Pope slaps hand of woman who grabs him during appearance

Pope slaps hand of woman who grabs him during appearance

The leader of the world’s 1.2 billion Catholics has previously come under fire for jerking his hand away from followers seeking to kiss his ring

Pope Francis slapped a woman on the hand after she grabbed him during a New Year’s appearance in the Vatican’s St. Peter’s Square on Tuesday evening.

Cameras captured the scene when the woman, from behind a barrier, reached out and grabbed the pope’s hand, pulling him violently toward her. Francis reacted sharply, exclaimed something and then slapped her hand so she would let him go. Frowning in anger, he turned and strode away.

The 83-year-old leader of the world’s approximately 1.2 billion Catholics appeared angry as he swatted at the woman’s hand, prompting worldwide news coverage and a plethora of snarky comments on social media.

“This year I resolve to be more like the pope when people get on my nerves,” one Twitter user quipped, while another contended that “The Pope HITTING someone pretty much sums up 2019.”

Pope Francis recites the Angelus prayer from his studio’s window overlooking St. Peter’s square at the Vatican, January 1, 2020. (AP Photo/Gregorio Borgia)

In his new year’s wishes to the public in St. Peter’s Square on Wednesday, Francis confessed to losing his patience with the woman while he was strolling in the square to admire the Vatican’s Nativity scene.

In his impromptu remarks, Francis said, “So many times we lose patience. Me, too.” He then added, “I say ‘excuse me’ for the bad example” he set in the incident Tuesday.

Earlier on Wednesday, in his homily during Mass in St. Peter’s Basilica, Francis decried violence against women, saying that it was like profaning God.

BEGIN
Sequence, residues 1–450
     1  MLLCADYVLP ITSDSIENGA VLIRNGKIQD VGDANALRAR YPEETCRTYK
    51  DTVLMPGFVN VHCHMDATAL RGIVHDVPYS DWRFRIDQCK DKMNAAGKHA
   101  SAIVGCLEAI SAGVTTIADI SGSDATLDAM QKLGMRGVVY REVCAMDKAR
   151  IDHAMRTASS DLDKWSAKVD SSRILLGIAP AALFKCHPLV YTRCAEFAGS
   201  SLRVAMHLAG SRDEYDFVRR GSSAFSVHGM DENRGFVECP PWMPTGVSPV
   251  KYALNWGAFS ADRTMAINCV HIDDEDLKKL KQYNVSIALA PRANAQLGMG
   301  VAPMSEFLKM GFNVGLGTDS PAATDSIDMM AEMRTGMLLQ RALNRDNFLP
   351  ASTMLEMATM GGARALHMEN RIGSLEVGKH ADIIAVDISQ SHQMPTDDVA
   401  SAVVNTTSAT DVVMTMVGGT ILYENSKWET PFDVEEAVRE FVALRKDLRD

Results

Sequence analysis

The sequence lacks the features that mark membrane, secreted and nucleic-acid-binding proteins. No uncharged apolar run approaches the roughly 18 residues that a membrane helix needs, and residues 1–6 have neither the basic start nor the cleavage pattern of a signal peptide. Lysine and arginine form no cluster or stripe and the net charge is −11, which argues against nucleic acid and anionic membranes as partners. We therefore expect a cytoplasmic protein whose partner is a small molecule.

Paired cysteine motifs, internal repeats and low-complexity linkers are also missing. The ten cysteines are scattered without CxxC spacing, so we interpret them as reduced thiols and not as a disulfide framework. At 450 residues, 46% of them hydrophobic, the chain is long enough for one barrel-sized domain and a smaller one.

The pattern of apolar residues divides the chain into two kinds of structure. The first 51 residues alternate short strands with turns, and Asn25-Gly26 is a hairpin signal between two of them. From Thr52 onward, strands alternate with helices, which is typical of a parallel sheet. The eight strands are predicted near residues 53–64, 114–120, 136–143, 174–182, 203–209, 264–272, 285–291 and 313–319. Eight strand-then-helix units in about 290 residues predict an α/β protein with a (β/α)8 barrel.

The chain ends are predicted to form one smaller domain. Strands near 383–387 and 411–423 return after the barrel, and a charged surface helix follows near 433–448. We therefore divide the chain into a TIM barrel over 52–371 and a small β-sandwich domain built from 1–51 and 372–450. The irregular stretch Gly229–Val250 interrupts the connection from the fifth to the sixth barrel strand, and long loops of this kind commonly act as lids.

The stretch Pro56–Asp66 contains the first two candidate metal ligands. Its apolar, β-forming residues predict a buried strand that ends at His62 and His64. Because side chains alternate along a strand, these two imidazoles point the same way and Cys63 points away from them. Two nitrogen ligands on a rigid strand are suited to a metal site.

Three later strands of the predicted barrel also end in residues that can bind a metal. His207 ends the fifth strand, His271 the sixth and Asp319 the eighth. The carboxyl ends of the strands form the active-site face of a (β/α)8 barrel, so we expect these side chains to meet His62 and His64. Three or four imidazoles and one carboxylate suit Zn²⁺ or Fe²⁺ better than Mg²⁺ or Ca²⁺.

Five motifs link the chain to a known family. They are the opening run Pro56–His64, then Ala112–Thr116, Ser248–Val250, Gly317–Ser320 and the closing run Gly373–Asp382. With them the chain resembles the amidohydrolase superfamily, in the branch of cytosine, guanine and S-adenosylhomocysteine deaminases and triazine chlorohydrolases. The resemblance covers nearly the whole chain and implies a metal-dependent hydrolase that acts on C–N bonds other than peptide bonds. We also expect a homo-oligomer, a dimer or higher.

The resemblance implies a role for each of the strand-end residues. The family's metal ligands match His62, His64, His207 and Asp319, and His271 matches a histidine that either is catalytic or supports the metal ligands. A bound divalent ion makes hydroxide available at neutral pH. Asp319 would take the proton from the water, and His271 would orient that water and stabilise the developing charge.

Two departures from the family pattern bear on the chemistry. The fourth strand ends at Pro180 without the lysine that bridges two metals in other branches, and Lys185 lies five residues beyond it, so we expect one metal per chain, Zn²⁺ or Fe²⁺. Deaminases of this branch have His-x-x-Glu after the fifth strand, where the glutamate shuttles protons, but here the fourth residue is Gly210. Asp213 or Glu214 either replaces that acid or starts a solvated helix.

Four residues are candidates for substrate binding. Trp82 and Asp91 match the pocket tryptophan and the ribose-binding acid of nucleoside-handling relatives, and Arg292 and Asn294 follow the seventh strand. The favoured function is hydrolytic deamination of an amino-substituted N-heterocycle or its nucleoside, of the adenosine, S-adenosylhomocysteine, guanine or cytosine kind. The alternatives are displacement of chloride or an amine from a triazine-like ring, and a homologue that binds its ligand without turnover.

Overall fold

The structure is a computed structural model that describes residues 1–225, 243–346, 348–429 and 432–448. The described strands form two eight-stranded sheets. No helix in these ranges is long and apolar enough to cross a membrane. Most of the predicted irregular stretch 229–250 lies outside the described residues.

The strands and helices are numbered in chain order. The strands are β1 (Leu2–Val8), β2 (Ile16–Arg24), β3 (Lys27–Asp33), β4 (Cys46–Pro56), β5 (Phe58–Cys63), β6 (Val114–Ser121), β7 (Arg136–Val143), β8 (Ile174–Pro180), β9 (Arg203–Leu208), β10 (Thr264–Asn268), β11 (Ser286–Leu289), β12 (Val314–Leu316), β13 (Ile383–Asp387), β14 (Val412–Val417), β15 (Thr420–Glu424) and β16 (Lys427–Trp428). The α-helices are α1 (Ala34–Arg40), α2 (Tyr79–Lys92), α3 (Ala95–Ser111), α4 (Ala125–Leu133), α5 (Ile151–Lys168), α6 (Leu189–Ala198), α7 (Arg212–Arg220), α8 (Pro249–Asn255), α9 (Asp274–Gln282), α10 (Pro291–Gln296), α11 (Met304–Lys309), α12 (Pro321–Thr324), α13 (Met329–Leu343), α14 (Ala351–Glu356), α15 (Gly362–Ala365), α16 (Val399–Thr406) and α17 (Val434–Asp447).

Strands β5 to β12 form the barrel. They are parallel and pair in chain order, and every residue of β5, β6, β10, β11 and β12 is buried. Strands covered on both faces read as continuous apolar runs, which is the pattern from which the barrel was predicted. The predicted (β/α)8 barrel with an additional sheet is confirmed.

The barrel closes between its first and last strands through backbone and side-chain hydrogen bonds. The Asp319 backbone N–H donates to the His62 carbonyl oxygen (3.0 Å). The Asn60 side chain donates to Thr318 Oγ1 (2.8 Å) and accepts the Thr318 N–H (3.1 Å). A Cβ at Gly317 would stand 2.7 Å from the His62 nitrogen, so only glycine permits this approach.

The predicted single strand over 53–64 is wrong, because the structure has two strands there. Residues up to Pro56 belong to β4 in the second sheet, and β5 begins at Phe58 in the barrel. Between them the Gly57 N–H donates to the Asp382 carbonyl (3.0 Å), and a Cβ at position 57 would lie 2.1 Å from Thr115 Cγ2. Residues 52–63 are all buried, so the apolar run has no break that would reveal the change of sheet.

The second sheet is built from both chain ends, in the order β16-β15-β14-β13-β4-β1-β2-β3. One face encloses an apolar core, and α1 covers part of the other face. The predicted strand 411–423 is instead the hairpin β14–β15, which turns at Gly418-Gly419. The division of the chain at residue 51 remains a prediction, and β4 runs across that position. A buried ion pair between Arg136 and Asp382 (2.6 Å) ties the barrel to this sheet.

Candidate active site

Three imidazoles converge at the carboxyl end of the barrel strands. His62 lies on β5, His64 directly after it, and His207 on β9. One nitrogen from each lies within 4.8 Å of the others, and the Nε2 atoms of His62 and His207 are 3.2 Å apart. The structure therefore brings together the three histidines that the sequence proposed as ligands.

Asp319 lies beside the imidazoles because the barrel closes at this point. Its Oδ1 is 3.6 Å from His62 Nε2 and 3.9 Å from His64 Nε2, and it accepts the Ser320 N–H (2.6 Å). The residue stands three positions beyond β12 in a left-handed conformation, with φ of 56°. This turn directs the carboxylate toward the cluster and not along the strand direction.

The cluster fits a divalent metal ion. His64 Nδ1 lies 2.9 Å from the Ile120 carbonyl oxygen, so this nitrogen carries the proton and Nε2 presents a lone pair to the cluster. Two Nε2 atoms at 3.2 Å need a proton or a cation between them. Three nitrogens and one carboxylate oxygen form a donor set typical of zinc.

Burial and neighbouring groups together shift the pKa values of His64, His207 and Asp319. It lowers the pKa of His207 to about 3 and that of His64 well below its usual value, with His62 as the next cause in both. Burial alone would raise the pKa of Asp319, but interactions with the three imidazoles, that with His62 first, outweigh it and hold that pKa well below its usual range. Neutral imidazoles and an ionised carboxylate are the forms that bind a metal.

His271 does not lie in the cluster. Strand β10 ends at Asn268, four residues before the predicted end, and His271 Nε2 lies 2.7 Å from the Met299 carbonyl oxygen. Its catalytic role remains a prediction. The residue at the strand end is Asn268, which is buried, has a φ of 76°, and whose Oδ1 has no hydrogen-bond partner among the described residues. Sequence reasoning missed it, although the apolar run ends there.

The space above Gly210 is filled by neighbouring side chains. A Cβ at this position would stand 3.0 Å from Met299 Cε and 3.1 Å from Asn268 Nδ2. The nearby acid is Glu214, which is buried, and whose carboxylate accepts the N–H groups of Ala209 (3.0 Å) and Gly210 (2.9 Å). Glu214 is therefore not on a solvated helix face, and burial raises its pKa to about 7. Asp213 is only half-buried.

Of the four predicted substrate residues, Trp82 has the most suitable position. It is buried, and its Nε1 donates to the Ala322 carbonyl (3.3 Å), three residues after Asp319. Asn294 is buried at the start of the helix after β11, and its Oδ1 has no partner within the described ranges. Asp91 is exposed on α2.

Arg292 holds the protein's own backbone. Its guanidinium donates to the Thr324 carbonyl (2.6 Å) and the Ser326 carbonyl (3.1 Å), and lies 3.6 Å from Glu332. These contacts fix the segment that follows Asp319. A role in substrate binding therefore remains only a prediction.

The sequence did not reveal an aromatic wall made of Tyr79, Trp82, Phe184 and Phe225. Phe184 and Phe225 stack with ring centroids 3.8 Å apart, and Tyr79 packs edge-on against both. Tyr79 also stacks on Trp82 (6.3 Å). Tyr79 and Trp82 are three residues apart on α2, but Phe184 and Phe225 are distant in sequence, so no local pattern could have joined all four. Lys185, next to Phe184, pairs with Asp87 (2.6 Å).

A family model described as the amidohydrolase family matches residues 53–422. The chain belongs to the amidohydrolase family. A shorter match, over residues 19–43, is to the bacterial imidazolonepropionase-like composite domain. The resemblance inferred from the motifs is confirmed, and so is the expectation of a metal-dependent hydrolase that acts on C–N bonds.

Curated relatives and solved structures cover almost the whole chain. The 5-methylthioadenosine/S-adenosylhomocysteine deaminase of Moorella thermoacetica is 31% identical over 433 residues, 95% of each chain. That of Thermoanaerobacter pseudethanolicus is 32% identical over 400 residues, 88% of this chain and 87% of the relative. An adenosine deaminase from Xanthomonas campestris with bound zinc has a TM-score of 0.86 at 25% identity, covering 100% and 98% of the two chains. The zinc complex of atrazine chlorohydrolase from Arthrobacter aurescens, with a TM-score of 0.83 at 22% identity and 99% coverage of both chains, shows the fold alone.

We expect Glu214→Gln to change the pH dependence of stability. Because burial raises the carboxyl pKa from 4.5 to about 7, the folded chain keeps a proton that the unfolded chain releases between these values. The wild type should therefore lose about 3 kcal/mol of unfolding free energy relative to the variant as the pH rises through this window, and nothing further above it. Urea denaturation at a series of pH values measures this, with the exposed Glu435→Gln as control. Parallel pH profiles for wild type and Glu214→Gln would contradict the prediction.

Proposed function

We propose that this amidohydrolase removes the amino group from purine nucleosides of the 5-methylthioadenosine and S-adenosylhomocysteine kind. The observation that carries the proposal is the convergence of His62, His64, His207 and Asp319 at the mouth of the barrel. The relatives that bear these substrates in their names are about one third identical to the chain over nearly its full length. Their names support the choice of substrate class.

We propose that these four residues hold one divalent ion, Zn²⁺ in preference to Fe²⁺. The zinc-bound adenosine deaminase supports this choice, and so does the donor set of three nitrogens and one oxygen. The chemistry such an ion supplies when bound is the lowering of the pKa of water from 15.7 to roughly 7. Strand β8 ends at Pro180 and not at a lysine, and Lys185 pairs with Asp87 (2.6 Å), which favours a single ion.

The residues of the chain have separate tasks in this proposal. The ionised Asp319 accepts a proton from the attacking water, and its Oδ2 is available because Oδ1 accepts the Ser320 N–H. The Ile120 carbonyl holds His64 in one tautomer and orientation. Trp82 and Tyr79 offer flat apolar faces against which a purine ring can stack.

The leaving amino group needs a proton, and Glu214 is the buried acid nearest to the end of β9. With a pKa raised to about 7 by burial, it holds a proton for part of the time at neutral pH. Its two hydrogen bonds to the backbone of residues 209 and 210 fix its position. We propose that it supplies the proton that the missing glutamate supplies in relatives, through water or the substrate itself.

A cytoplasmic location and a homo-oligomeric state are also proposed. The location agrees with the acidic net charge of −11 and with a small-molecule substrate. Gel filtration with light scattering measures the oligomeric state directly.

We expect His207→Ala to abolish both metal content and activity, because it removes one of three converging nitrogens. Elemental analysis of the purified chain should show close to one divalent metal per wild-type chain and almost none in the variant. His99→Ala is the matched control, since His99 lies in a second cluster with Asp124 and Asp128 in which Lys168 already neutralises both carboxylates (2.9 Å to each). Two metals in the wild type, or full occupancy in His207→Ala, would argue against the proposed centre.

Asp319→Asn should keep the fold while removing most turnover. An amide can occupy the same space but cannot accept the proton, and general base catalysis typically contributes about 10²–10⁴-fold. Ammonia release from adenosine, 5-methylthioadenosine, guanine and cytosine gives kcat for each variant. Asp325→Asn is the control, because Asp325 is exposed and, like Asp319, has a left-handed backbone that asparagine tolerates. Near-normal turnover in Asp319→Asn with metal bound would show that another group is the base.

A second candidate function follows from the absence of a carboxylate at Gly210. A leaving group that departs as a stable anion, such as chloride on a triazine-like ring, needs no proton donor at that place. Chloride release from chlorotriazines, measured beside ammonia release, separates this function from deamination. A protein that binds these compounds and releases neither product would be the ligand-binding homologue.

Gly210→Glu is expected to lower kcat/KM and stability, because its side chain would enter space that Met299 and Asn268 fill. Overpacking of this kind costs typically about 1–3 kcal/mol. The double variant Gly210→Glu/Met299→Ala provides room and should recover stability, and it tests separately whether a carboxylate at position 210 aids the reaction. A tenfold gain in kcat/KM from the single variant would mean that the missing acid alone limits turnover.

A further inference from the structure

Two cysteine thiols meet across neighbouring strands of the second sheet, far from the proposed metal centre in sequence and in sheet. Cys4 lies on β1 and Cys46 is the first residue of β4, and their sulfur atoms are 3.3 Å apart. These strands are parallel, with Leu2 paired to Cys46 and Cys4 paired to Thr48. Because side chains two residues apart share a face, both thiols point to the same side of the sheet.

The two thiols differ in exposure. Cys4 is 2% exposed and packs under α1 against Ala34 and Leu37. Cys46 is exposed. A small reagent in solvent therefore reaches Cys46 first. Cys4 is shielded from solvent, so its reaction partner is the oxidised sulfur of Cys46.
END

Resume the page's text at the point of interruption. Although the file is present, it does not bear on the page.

Francis lamented the “many times women’s bodies are sacrificed on the profane altar of advertisements, of profit, of pornography,” and said that while women are, in his words, “the sources of life,” they are “continually offended, beaten, raped, forced into prostitution” or forced to have abortions.

Francis praised women as “donors and mediators of peace,” and urged that they should become ”fully associated” with decision-making in order to make the world more united and at peace. “A conquest for women is a conquest for the whole of humanity,” he said.

Last year, the pope made waves in Catholic circles after a video showing him jerking his hand away from Catholics seeking to kiss his ring made its way online.

During a March visit to Loreto, a major Italian pilgrimage site, Francis received a long line of faithful, some of whom shook his hand, while others kissed his hand or bowed down in a gesture of reverence. He only began pulling his hand away after having greeted a large number of people.

Those coming to his defense noted that he still had to greet sick people and lead a prayer and a Vatican spokesman later explained that his refusal to allow people to kiss his ring was “a simple question of hygiene.”

The Associated Press contributed to this report.

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